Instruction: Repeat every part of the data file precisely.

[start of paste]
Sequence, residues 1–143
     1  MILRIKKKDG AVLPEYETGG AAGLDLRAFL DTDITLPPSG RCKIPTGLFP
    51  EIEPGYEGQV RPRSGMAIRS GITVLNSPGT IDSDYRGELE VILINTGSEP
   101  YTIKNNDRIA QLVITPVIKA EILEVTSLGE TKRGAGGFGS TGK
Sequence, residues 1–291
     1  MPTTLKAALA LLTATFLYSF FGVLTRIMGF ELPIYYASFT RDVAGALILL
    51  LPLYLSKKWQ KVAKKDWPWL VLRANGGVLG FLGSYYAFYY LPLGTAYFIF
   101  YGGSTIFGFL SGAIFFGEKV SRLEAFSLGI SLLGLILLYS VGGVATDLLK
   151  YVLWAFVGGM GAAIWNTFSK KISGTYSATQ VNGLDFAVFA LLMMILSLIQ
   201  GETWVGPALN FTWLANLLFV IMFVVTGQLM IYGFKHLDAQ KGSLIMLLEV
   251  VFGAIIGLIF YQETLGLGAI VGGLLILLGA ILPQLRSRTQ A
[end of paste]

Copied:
Sequence, residues 1–143
     1  MILRIKKKDG AVLPEYETGG AAGLDLRAFL DTDITLPPSG RCKIPTGLFP
    51  EIEPGYEGQV RPRSGMAIRS GITVLNSPGT IDSDYRGELE VILINTGSEP
   101  YTIKNNDRIA QLVITPVIKA EILEVTSLGE TKRGAGGFGS TGK
Sequence, residues 1–291
     1  MPTTLKAALA LLTATFLYSF FGVLTRIMGF ELPIYYASFT RDVAGALILL
    51  LPLYLSKKWQ KVAKKDWPWL VLRANGGVLG FLGSYYAFYY LPLGTAYFIF
   101  YGGSTIFGFL SGAIFFGEKV SRLEAFSLGI SLLGLILLYS VGGVATDLLK
   151  YVLWAFVGGM GAAIWNTFSK KISGTYSATQ VNGLDFAVFA LLMMILSLIQ
   201  GETWVGPALN FTWLANLLFV IMFVVTGQLM IYGFKHLDAQ KGSLIMLLEV
   251  VFGAIIGLIF YQETLGLGAI VGGLLILLGA ILPQLRSRTQ A